Shepard Fairey Saturates Washington With We The People Protest Posters

The iconic street artist Shepard Fairey has released a new series of posters titled, ‘We the People’ Series to Protest the election of Donald Trump as the 45th President of the United States of America. The posters, feature Native Americans, African Americans, Muslims, and Latinas. They were given out to protesters yesterday at the inauguration ceremony. The street artist’s “Hope” poster from President Barack Obama’s campaign is internationally recognised as one of the most important graphic design pieces of the 21st century.

“It’s really about making sure that people remember that ‘we the people’ means everyone, it means all the people” Shepard  Fairey 

The new series was Commissioned by The Amplifier Foundation, a self-described art machine for social change, Fairey teamed up with Jessica Sabogal and Ernesto Yerena to release a series of posters for a new project: We the People. Their goal was to the campaign to flood DC with the posters on the day of the inauguration. While people can purchase the series online, The Amplifier Foundation has another more accessible aim: raise enough money to purchase ads in The Washington Post so people can “carry them into the streets, hang them in windows, or paste them on walls.”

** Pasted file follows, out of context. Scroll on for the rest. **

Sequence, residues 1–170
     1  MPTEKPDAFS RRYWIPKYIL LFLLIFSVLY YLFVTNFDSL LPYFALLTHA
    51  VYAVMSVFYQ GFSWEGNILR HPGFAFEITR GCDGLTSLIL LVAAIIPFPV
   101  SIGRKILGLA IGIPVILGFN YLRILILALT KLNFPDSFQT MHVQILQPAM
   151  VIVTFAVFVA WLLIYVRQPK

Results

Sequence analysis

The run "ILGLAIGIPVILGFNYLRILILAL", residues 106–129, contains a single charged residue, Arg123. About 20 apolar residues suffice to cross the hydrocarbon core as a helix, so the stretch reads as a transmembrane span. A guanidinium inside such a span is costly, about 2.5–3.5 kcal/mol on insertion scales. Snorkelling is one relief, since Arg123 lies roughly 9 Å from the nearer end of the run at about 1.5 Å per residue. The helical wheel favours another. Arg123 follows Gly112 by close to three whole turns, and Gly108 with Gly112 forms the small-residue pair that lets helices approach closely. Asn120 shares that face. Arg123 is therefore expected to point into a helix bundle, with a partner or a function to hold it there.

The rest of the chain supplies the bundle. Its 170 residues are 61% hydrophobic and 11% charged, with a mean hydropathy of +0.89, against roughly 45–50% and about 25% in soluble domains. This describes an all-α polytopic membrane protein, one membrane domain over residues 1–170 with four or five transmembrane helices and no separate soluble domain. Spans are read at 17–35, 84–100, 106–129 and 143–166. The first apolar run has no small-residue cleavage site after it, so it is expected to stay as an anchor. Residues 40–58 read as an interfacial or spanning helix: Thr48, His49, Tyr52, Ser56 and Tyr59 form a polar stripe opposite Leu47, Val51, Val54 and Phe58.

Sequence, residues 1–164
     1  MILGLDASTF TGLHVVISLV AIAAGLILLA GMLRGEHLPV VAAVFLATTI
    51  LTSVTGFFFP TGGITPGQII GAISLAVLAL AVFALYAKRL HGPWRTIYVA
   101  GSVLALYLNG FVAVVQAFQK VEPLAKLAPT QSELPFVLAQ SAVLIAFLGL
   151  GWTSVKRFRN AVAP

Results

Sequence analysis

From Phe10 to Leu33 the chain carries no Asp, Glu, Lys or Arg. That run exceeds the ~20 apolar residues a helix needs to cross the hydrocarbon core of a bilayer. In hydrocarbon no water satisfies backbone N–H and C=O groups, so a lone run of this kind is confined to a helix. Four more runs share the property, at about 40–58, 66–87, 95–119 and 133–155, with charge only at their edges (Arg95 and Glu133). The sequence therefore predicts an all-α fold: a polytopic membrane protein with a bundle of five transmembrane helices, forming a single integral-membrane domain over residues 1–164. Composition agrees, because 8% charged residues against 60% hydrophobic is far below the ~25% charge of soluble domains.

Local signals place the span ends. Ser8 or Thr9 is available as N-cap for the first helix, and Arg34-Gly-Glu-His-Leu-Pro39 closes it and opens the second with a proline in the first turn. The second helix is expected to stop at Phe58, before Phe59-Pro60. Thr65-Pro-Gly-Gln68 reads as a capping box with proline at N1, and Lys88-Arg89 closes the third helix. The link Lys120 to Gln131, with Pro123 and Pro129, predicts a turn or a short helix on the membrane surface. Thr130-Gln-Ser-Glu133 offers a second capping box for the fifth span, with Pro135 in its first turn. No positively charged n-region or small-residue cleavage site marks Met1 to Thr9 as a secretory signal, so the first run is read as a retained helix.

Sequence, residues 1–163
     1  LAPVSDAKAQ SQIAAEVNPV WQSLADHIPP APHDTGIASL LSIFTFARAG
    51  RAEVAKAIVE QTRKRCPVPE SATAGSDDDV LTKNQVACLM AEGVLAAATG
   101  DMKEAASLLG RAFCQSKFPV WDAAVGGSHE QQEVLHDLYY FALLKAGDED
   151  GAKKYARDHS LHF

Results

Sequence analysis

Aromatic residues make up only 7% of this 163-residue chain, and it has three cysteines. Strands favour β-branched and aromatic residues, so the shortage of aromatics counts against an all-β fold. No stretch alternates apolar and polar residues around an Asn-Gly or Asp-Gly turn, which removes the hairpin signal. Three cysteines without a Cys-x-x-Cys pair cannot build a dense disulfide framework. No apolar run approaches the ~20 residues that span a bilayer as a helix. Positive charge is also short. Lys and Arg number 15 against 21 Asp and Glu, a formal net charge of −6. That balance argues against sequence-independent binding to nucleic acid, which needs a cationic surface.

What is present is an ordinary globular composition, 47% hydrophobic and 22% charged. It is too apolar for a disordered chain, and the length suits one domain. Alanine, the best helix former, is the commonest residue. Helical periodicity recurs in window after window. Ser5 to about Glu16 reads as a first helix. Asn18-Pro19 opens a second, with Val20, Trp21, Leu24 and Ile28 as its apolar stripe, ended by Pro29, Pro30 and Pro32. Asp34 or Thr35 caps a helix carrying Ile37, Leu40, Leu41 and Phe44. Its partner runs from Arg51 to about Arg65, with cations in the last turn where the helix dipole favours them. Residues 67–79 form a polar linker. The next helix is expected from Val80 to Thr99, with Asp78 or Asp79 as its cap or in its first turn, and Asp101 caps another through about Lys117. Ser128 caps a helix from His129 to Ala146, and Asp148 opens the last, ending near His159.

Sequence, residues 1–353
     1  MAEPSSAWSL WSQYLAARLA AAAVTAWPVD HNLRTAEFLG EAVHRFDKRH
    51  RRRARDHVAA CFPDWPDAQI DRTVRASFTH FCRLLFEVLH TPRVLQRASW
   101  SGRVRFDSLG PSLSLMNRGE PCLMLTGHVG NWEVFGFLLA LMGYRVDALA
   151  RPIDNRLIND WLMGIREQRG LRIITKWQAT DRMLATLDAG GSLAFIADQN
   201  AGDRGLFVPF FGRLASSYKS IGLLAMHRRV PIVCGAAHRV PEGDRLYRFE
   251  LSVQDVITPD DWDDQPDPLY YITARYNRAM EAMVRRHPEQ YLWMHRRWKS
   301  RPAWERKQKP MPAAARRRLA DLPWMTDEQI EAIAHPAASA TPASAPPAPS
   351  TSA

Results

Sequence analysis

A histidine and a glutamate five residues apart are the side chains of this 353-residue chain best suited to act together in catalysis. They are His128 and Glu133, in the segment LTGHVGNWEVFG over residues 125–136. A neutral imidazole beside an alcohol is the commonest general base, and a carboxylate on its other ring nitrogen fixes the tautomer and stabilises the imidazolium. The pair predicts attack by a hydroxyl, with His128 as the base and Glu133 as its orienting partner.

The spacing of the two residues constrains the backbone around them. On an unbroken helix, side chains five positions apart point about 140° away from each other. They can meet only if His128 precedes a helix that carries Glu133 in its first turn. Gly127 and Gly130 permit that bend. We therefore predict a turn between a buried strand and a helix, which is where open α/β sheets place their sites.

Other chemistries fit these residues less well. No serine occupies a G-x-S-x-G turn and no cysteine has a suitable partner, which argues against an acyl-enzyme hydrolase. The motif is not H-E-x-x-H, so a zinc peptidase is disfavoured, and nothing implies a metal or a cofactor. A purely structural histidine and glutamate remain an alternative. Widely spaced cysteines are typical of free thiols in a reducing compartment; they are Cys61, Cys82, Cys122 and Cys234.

Taking its name from the first line of the US constitution, the series We the People features portraits of Native Americans, African Americans, Muslims, and Latinas depicted in Fairey’s trademark style, with slogans such as “Women are Perfect” and “Defend Dignity.”

“It’s really about making sure that people remember that ‘we the people’ means everyone, it means all the people,” Fairey said. “I think the campaigns were very divisive, more from one side than the other. But [it’s] just reminding people to find their common humanity, and look beyond maybe one narrow definition of what it means to be American.”

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